These tests are necessary since NASA will be hard-pressed to service the telescope once it is in space. This is due to the fact that it will be operating at the Earth-Sun L2 Lagrange Point (which will place farther away from Earth than the Moon) for a minimum of five years. At this distance, any servicing missions will be incredibly difficult, time-consuming and expensive to mount.
However, once the JWST has passed its entire battery of tests and NASA is satisfied it is ready to take to space, it will be shipped off to the Guiana Space Center in Kourou, French Guiana. Once there, it will launch aboard a European Space Agency (ESA) Ariane V booster. Originally, this was scheduled to take place in October of 2017, but is now expected to take place no earlier than Spring of 2018.
When the James Webb Space Telescope is operational, it is expected to reveal some truly amazing things about our Universe. In addition to looking farther into space than any previous telescope (and further back in time), its other research goals include studying nearby exoplanets in unprecedented detail, circumstellar debris disks, supermassive black holes at the centers of galaxies, and even searching for life in the Solar System by examining Jupiter’s moons.
For this reason, NASA can be forgiven for pushing the launch back to make sure everything is in working order. But of course, we can be forgiven for wanting to see it launched as soon as possible! There are mysteries out there that are just waiting to be revealed, and some amazing scientific finds that need to be followed up on.
In the meantime, be sure to check out this video about the JWST, courtesy of NASA:
Ever since the project was first conceived, scientists have been eagerly awaiting the day that the James Webb Space Telescope (JWST) will take to space. As the planned successor to Hubble, the JWST will use its powerful infrared imaging capabilities to study some of the most distant objects in the Universe (such as the formation of the first galaxies) and study extra-solar planets around nearby stars.
However, there has been a lot of speculation and talk about which targets will be the JWST’s first. Thankfully, following the recommendation of the Time Allocation Committee and a thorough technical review, the Space Telescope Science Institute (STScI) recently announced that it has selected thirteen science “early release” programs, which the JWST will spend its first five months in service studying.
As part of the JWST Director’s Discretionary Early Release Science Program (DD-ERS), these thirteen targets were chosen by a rigorous peer-review process. This consisted of 253 investigators from 18 counties and 106 scientific institutions choosing from over 100 proposals. Each program has been allocated 500 hours of observing time, once the 6-month commissioning period has ended.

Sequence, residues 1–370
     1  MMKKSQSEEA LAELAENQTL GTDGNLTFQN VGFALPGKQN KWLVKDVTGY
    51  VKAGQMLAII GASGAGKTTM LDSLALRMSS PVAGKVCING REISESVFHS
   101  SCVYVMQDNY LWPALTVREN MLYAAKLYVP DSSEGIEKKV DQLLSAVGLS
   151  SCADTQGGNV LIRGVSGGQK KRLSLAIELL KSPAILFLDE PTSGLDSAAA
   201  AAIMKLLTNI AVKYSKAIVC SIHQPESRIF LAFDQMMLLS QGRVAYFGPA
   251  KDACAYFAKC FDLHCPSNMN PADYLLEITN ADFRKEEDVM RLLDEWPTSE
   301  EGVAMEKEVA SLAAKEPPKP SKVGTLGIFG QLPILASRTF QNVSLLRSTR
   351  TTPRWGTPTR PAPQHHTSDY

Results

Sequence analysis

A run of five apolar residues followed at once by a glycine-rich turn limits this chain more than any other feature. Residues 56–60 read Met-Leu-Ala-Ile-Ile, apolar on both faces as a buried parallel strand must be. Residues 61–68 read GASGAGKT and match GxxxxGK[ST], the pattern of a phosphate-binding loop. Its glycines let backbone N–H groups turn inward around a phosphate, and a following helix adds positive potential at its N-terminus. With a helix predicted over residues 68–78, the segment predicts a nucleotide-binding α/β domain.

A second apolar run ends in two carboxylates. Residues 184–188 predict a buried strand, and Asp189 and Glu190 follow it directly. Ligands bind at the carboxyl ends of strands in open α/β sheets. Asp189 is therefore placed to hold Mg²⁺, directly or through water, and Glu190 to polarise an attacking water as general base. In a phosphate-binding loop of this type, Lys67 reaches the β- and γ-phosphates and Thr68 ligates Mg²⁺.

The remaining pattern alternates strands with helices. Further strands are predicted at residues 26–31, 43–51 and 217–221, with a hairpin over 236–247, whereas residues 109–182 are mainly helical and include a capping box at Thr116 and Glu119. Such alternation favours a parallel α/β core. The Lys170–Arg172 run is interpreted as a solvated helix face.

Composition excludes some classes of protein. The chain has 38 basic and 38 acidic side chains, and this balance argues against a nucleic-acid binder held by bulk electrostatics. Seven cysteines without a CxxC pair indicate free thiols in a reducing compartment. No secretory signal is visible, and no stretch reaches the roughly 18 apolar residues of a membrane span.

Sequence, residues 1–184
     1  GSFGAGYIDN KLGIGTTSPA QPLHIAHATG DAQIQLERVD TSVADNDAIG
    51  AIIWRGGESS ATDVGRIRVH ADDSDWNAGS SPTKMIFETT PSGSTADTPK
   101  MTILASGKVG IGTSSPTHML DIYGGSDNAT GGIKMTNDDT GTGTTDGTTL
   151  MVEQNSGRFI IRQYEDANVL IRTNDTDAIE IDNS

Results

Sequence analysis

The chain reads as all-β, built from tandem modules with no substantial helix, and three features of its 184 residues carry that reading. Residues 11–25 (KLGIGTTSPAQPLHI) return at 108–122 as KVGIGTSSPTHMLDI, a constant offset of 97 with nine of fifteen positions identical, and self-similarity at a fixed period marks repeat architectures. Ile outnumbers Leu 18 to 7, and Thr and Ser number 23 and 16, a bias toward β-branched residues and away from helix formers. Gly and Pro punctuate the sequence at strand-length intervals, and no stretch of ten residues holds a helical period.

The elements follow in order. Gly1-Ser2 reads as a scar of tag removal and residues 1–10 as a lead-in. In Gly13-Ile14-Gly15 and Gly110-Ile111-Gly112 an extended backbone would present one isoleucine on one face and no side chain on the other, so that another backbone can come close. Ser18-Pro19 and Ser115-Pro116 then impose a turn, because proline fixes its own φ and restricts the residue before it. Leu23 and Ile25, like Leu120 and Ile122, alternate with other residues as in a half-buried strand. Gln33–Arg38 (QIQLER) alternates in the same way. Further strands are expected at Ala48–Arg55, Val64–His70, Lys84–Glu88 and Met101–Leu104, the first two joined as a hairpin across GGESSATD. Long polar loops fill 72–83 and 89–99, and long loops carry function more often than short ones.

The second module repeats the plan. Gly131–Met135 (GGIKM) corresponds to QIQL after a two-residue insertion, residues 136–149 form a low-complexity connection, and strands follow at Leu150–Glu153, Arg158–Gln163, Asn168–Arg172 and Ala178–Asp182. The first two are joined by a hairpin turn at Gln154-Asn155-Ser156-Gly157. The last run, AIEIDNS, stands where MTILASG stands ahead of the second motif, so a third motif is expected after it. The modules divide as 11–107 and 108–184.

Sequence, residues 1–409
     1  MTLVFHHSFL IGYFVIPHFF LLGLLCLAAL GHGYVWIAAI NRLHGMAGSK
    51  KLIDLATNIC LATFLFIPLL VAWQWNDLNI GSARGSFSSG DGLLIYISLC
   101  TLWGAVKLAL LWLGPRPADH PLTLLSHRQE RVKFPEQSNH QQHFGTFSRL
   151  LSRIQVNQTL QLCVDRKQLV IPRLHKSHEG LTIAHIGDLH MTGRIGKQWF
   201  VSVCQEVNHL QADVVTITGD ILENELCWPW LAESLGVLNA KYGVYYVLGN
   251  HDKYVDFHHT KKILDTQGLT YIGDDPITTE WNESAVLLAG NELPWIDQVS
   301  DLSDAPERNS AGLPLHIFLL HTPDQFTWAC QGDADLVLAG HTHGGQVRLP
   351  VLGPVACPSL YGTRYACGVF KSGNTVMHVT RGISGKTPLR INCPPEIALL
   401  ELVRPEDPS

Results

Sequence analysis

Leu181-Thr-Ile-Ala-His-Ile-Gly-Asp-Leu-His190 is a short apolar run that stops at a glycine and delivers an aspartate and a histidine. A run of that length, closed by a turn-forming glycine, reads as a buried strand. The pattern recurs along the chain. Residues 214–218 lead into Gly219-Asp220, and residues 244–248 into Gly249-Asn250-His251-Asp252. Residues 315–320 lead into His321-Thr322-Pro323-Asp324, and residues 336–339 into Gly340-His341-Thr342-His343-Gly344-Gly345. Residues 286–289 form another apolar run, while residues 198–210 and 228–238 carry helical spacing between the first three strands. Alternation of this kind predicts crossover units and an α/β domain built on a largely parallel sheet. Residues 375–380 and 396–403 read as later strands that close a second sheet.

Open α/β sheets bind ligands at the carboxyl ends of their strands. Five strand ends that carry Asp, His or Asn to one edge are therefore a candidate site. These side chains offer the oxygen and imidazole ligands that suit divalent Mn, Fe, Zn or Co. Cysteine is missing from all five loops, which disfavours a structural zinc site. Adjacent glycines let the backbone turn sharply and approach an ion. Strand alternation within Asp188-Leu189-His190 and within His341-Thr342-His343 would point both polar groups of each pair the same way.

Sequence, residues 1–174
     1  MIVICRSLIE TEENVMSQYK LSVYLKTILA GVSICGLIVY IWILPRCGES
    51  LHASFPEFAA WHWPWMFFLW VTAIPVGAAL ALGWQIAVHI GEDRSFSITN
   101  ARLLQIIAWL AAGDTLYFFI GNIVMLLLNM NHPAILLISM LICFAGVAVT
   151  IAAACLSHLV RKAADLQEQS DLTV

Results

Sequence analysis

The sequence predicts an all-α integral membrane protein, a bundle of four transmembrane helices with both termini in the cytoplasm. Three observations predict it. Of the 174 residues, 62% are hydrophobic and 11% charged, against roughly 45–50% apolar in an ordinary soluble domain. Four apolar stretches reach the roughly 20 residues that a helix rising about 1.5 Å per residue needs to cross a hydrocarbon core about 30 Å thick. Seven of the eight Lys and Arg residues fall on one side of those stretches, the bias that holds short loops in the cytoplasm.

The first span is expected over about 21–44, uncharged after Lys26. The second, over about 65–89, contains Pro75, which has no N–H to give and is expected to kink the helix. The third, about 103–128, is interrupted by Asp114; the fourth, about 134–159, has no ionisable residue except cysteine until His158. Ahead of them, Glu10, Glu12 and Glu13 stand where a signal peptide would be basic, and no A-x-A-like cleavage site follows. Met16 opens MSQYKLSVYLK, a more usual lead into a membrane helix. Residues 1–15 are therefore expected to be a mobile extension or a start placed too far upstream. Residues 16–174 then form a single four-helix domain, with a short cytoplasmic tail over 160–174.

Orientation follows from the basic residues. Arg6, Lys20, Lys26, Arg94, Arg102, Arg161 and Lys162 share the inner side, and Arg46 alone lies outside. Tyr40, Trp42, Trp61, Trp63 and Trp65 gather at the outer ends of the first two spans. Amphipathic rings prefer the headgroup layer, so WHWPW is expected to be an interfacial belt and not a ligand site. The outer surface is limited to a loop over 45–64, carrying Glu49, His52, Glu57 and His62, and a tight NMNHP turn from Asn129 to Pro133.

As Ken Sembach, the director of the Space Telescope Science Institute (STScI), said in an ESA press statement:
“We were impressed by the high quality of the proposals received. These programmes will not only generate great science, but will also be a unique resource for demonstrating the investigative capabilities of this extraordinary observatory to the worldwide scientific community… We want the research community to be as scientifically productive as possible, as early as possible, which is why I am so pleased to be able to dedicate nearly 500 hours of director’s discretionary time to these early release science observations.”
The thirteen programs selected include “Through the looking GLASS“, which will rely on the astronomical community’s experience using Hubble to conduct slitless spectroscopy and previous surveys to gather data on galaxy formation and the intergalactic medium, from the earliest epochs of the Universe to the present day. The Principal Investigator (PI) for this program is Tommaso Treu of the University of California Los Angeles.
Another is the Cosmic Evolution Early Release Science (CEERS) program, which will conduct overlapping observations to create a coordinated extragalactic survey. This survey is intended to let astronomers see the first visible light of the Universe (ca. 240,000 to 300,000 years after the Big Bang), as well as information from the Reionization Epoch (ca. 150 million to 1 billion years after the Big Bang) and the period when the first galaxies formed. The PI for this program is Steven Finkelstein of the University of Texas at Austin.